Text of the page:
Latin Touch Meat Guides Beef: Part Three
~Chef Perry Perkins~
In our first beef guide post, we took a look at serving sizes, and common beef definitions. In part two, we moved on to some of the best steaks for grilling, proper meat temps, and a whole bunch of tips for the perfect steaks over your caja china.
Now, it's time to think inside the box and take a look at the best cuts of beef for slow roasting and classic BBQ, and how to roast and smoke them.
Smoking is a low and slow cooking style, most closely associated with American style BBQ, that uses hardwood smoke as an ingredient for flavoring and tenderizing meat. Many consider smoking to be as much an art form, as a cooking technique, and your La Caja China is an ideal vessel for perfect smoky BBQ.
Depending on the cut of meat, BBQ cook times can take up to 20 hours, with temperatures seldom rising about 250F.
This slow cooking process breaks down the fibers and collagen that make these cuts of beef tough, and transforms them into gelatin, creating an unctuous, buttery tenderness, and give the smoke time to really soak in, and add its unique flavor to your beef.
Brisket is a large roast, cut from the shoulder of the steer. It’s considered a classic of the BBQ arts and, in states like Texas, it’s consider THE meat for BBQ. An exceptionally tough cut, it really benefits from long, slow cooking.
Roast or smoke to 160F, wrap the whole brisket in heavy foil, and continue cooking to 180F. Remove from heat and let rest (still wrapped) for at least an hour before cutting. Slice into pencil-thick slices, across the grain.
This is the classic Christmas, or Sunday roast in many parts of the world. The fine texture and generous marbling make ribeye roast a delicious and forgiving cut.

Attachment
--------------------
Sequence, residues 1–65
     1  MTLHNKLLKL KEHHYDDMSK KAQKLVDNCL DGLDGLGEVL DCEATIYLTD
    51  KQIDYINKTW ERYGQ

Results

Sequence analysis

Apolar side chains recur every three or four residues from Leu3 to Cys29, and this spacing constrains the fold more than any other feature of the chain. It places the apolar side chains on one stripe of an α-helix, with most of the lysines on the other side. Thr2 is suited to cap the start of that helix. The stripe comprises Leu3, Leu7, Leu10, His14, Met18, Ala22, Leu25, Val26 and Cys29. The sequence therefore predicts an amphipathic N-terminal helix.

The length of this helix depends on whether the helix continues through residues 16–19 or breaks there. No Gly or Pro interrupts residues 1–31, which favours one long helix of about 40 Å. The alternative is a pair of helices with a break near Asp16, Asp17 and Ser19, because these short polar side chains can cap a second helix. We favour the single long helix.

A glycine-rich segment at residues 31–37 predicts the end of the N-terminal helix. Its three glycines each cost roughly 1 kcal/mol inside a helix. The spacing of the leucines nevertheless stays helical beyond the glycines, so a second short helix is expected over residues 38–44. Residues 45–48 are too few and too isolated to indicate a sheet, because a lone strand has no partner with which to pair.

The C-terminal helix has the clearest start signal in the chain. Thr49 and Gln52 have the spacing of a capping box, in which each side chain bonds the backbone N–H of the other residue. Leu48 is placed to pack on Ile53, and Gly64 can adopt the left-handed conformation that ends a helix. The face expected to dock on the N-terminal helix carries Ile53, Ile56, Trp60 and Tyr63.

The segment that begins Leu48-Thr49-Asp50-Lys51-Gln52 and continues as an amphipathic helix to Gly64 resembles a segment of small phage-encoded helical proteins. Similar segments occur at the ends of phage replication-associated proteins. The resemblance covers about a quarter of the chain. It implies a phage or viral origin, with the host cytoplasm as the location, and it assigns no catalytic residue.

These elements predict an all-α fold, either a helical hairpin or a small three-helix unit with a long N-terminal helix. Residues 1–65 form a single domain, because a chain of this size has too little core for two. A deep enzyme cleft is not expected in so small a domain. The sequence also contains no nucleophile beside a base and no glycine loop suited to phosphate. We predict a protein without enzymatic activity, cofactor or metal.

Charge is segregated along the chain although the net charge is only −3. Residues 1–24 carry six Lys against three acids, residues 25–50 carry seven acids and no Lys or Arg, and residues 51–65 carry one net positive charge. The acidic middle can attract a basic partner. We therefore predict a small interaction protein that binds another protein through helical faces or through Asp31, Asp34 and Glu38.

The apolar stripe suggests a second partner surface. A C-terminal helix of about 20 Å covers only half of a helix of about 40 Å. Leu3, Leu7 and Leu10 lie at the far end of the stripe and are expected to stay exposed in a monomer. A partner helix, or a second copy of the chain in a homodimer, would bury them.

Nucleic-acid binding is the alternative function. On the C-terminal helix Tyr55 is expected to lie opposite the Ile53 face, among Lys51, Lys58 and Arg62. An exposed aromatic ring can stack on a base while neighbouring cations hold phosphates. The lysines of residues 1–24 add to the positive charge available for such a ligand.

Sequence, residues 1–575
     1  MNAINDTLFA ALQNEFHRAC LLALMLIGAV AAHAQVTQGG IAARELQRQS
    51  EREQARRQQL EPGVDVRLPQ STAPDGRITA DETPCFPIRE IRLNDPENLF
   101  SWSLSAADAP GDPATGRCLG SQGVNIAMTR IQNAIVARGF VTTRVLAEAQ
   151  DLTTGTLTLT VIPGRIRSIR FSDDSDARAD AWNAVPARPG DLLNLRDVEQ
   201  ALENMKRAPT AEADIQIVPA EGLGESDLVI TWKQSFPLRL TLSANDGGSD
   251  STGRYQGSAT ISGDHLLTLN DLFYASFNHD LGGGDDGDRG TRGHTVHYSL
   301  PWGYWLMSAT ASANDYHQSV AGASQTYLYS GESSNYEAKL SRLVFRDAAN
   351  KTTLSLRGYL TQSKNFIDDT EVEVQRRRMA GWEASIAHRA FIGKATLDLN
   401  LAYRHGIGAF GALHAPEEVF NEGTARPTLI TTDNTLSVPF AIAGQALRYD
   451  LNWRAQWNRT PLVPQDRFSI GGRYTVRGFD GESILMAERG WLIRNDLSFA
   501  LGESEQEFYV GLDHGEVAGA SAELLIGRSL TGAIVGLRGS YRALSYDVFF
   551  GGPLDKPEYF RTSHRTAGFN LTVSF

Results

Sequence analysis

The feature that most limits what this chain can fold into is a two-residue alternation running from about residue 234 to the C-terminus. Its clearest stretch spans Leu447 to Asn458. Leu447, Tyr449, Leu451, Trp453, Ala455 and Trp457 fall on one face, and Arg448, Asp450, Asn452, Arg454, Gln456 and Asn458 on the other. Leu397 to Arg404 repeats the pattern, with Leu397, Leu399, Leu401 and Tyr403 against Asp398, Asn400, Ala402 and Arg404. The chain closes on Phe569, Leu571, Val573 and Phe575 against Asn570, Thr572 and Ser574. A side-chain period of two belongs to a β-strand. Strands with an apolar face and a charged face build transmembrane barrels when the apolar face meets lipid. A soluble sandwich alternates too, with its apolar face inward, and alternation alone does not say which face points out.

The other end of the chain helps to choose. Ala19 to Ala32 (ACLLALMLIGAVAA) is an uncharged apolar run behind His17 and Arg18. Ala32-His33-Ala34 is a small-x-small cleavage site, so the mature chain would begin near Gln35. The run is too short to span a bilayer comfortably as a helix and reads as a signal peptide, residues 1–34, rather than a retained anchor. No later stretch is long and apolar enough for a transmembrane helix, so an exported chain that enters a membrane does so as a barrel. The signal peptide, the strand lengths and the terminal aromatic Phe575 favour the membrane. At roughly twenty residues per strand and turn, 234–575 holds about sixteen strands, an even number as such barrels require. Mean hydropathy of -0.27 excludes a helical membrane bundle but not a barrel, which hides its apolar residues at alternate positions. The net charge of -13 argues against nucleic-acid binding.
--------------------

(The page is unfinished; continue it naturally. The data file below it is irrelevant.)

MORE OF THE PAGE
Sirloin Tip Roast
A lean, boneless cut, the sirloin tip roast is a favorite for thin-sliced beef recipes like pit-beef, French dip, and cheese-steak.
Roast it, with or without smoke, and slice it as thinly as possible (chilling it first, helps) for some of the best beef you’ll ever taste! Roast to 140°F for medium rare; 150°F for medium, and let rest at least 20 minutes.
If you’re going to chill it, before slicing, allow the roast to rest at least an hour, slice in half, and wrap each half tightly in plastic wrap, before placing them in the refrigerator overnight.
Moving the roast to the freezer for 15-20 minutes before slicing, can make it even easier.
Slice meat thinly against the grain, and reheat in warm au-jus or gravy, depending on your recipe.
Be sure to check out the Latin Touch Blog, for more of my favorite beef roasts, and brisket recipes!
As a third-generation chef, Perry P. Perkins focuses his love of cooking on barbeque, traditional southern fare, and fresh Northwest cuisine.
Perry runs the non-profit organization, MY KITCHEN Outreach Program, which teaches nutrition, shopping, and hands on cooking classes for at risk youth.
His cookbooks include La Caja China Cooking, La Caja China World, La Caja China Party, and the NEW “La Caja China Grill.”
You can follow the rest of Chef Perry’s cooking adventures at ChefPerryPerkins.com